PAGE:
A player’s most rigorous time of the year is soon to be upon us. That time of the year is called training camp. Training camp in hockey is not as excruciating as a sport such as football.
HBO has chronicled the wear and tear of the training camp grind in football on their show Hard Knocks. In Football, in less than a months time the team must cut a roster from 90, down to 53.
In hockey, training camp does provide a hefty challenge for some. Except because of financial constraints made beforehand, there is not much room for someone to come out of nowhere and make the team.
Instead, the mystery and suspense that surrounds camp is rather who plays where rather than who makes the team at all. Though there is some suspense on whether rookies will make the team or be sent back to their respective junior clubs.
Nevertheless, there are questions looming regarding the Jets upcoming training camp.
Here are five storylines heading in to training camp.
Where is Evander Kane’s head at?
It seems as though people around Winnipeg ask this question every year, where is Evander Kane’s head at? This offseason provided no shortage of suspense.
This summer, Kane had his annual offseason controversial comment. It was on a Vancouver radio station where Kane was asked if he wants to play in Winnipeg anymore. After, a brief pause, Kane responds; " I am a Winnipeg Jet for now." Not the most promising answer from a player who is viewed as one of the faces of the franchise. That interview has been interpreted several ways. Some think that was Kanes way of expressing his desire to win. Others view it as an outlet for Kane to share his desire to be traded from the team.
My interpretation is that Kane wants to win, with the Jets or without the Jets. Kane figures that the Jets are not in a position to win, and wants out of Winnipeg. It will be truly interesting to see how Kane performs when he shows up for camp. Will he rise up and lift the Jets into the playoffs? If he does, will that change his outlook with the club?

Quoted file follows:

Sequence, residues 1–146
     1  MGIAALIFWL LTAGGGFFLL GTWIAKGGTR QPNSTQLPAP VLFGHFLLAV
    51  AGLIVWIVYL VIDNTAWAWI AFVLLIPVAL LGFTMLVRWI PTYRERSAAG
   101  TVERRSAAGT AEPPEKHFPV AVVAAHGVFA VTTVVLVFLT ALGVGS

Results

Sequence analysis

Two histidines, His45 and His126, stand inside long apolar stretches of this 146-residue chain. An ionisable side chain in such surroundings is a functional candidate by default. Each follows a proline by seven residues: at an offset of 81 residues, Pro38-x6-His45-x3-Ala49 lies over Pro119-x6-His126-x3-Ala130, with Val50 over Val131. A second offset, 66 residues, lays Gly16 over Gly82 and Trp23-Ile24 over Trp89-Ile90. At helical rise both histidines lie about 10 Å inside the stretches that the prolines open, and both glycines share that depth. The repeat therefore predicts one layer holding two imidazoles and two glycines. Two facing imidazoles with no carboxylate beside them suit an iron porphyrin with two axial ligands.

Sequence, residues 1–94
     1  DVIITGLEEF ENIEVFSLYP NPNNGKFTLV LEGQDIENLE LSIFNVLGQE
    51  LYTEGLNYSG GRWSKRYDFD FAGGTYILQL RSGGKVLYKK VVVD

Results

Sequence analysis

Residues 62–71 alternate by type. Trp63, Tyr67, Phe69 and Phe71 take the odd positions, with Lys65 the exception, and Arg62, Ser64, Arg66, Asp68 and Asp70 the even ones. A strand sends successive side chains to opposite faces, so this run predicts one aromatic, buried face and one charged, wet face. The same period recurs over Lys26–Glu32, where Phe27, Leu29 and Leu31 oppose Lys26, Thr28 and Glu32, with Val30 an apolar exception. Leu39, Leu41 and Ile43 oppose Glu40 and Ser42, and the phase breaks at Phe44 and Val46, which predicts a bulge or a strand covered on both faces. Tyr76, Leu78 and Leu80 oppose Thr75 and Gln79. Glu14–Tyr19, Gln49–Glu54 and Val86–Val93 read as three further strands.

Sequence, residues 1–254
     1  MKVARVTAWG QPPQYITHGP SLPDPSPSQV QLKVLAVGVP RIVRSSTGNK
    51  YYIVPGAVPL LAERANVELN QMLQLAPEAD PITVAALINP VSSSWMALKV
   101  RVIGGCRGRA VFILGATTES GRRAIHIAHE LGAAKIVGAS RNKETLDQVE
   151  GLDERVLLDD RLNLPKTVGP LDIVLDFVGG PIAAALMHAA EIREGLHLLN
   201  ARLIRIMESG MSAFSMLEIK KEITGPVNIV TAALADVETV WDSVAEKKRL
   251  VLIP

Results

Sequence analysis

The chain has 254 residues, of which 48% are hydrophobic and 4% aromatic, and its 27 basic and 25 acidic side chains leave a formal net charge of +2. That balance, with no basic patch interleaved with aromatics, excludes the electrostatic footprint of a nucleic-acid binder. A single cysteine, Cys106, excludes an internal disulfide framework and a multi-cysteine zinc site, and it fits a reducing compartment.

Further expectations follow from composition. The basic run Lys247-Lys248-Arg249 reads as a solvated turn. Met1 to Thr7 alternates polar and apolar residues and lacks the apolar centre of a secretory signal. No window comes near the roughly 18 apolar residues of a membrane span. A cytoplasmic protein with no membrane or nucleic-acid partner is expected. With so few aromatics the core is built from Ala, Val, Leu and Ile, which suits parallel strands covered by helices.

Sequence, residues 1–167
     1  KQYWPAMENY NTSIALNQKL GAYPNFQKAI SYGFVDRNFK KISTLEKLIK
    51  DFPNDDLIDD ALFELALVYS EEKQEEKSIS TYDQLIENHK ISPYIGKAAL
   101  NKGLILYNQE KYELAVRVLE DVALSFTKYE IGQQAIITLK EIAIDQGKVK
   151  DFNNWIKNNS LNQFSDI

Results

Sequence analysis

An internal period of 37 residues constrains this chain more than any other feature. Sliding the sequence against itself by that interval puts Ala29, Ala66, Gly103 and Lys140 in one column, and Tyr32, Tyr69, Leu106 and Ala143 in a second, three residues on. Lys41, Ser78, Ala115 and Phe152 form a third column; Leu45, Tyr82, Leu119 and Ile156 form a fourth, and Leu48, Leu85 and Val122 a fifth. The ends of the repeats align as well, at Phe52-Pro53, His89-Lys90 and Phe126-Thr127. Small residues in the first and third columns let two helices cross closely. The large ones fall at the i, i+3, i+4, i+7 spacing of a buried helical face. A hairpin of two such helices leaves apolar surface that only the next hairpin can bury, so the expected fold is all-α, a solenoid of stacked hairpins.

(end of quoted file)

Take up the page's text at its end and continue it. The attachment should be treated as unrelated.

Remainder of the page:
Will Josh Morrissey make the team?
If you take a look at the Winnipeg Jets roster, you will quickly notice that there are some openings. There are also many young, up-and-coming players in the Jets system that could battle for a spot. Former first round picks Mark Scheifele and Jacob Trouba found spots on the Jets roster last year. Scheifele needed two years of seasoning in junior before making the leap to the pros. Trouba spent one season seasoning his game via the college route - playing one season with the Michigan Wolverines before leaping to the pros.
This year, Josh Morrissey is aiming to make the jump to pro hockey. Morrissey spent his 2013-2014 campaign playing in the WHL with the Prince Albert Raiders. After a 73 point season and an early exit from the playoffs, Morrissey was assigned to play for the Icecaps as they begun there quest to the Calder Cup. Morrissey gained experience and quality time getting used to the pro game. Talk that he could make the big squad has increased in frequency.
There is no doubt that Morrissey’s benefited from his stint in the AHL. It would definitely minimize the shock that a player normally experiences when jumping into the NHL. The big question is, what does Morrissey have to do to make the Jets? Morrissey needs to just play his game, a game comprised of tremendous skill and speed. Morrissey’s skillset is superb, especially when he quarterbacks the powerplay. He is extremely smart too. He can complete a precision outlet pass when leading an offensive rush and his skating allows him to rarely get caught too far out of position.
The Calgary Alberta native will be on the bubble to make the team all throughout training camp. I see the Jets taking full advantage of the nine games he is permitted to play without it burning off the first year of his Entry Level Contract. Morrissey has the skill to make the squad and he could impact the team in a big way if he does, but he will have to prove his worth across those first nine games to do so.
Will Zach Bogosian take the Next Step?